Duque and Trump meet to discuss counternarcotics strategy and Venezuela

By Arjun Harindranath September 25, 2018

President Trump and President Duque meet to discuss counternarcotics and Venezuela: Foto: César Carrión – Presidencia

Colombian President Iván Duque met with President Donald J. Trump on Tuesday morning to discuss a host of topics relating to counternarcotics, organized crime and energy security. The two heads of state also spoke on the worsening situation in Venezuela and allowed for reporters to ask questions prior to their meeting.

Speaking to the press corps in English, Duque stated that Colombia wants “to continue the efforts against illegal drugs.  It’s not only prevention but it’s also dismantling the cartels. So we’re very committed.”

For his part, Duque also promised to crackdown on drug consumption on the homefront as well by doing away with possession of “minimum doses” that had previously been allowed under the law. The legal maximum currently allowed is 20g for marijuana and a gram for cocaine.

When asked the same question, President Trump responded that “[w]hat I want — what I want and what we’ve discussed, and one of the reasons I was so happy to see the President’s victory — that was a great victory and there was a very worldwide, world-renowned victory because of his strong stance on drugs. Now, if he comes through, we think he’s the greatest.  If he doesn’t come through, he’s just another President of Colombia. (Laughter.) But I think he’s going to come through. I really do.”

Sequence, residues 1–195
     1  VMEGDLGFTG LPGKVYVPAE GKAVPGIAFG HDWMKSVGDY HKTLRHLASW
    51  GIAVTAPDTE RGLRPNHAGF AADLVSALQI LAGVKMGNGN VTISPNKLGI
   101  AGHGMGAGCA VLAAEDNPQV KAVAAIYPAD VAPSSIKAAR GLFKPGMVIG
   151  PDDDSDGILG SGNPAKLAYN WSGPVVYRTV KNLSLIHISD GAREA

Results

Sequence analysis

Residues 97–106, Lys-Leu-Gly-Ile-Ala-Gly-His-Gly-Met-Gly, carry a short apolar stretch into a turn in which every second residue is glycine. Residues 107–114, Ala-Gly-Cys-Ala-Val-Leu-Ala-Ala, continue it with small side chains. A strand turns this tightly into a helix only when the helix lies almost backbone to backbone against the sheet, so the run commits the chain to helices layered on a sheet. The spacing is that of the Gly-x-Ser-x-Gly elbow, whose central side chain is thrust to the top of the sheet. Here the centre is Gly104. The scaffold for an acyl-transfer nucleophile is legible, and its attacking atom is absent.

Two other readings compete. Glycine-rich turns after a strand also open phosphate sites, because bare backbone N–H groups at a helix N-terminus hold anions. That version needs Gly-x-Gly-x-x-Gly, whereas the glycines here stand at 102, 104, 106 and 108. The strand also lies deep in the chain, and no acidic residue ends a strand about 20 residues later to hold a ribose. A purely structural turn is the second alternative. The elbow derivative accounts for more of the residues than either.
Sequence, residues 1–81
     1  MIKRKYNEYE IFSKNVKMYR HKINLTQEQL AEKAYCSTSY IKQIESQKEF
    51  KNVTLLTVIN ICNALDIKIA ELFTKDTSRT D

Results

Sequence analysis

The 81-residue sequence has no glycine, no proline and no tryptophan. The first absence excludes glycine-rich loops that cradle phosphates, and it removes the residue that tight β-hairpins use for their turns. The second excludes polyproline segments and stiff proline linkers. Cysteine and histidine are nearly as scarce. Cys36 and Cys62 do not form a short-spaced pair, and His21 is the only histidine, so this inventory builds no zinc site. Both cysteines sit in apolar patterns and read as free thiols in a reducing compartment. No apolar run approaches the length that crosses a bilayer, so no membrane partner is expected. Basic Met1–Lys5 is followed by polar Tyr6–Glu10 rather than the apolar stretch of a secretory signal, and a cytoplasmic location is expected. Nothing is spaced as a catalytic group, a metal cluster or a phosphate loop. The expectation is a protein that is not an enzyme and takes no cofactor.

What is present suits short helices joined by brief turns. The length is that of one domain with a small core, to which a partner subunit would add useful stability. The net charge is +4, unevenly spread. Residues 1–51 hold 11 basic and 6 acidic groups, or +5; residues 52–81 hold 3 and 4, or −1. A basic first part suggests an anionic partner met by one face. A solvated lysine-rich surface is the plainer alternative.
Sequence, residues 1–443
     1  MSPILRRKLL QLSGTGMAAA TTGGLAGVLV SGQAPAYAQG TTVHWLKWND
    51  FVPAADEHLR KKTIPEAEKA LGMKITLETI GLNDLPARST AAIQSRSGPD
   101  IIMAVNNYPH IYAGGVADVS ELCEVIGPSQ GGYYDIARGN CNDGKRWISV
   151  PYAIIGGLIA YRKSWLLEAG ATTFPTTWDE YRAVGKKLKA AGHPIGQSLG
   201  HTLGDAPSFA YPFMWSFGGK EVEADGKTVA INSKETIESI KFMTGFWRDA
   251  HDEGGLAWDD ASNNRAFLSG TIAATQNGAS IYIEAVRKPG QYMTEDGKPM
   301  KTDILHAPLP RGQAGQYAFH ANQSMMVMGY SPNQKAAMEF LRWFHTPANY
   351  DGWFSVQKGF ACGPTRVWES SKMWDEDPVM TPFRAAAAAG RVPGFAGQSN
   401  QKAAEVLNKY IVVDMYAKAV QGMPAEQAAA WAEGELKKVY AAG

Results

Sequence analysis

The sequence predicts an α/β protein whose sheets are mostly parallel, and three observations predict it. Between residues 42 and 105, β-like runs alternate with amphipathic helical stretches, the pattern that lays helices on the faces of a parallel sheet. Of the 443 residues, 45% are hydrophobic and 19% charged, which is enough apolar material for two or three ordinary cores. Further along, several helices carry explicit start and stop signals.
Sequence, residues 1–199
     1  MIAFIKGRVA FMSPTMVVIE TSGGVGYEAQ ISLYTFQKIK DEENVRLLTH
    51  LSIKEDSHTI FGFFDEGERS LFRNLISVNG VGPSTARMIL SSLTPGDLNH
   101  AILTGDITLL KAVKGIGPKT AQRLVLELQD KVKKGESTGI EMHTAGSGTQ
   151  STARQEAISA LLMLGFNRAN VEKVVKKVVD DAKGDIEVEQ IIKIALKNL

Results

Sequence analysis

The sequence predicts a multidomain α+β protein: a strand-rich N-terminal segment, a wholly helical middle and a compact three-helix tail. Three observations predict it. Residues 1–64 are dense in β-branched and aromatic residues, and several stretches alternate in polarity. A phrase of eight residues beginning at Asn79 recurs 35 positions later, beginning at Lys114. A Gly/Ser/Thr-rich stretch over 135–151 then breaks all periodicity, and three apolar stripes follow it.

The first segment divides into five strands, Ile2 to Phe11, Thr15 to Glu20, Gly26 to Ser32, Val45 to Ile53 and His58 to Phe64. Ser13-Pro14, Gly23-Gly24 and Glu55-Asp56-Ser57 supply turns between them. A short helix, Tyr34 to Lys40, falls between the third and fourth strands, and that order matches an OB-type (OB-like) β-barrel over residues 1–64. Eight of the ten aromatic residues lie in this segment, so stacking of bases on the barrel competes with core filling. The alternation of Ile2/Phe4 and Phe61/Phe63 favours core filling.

Asked then whether the ELN would be discussed, Duque fielded the response saying that the “ELN is a terrorist group that has been killing people, producing kidnappings for the last 17 months as they were negotiating with the past administration.” The group will have to end all criminal activities, President Duque said. “Otherwise there will be no chance for negotiations.”


On the issue of Venezuela, Trump was equivocal in what the nature of his response would be. He initially stated that the US was “ looking very strongly at Venezuela.  It’s a horrible thing that’s going on there…People are dying. People are being killed. They’re also dying of hunger and lots of other things. The medical is in horrible shape.”

However, later in the same press conference the President appeared more coy about publicising possible options. “I don’t like to talk about military.  Why should I talk to you about military? I’m going to tell you like President Obama — he used to say exactly what he was going to do — and then it would be 10 times tougher to do it.  I don’t do that.”

The meeting occurred shortly after Trump had delivered remarks before the UN Assembly at its 73rd Session in New York. The US President had also referred to the tragedy unfolding in Venezuela and issued a strong line on foreign aid in the future. “We are only going to give foreign aid to those that respect us and, frankly, are our friends.” 

Given the cordial nature of the meeting between the two heads of state–and Colombia’s continued reliance on foreign aid–President Duque can remain assured that the US still considers Colombia a friend.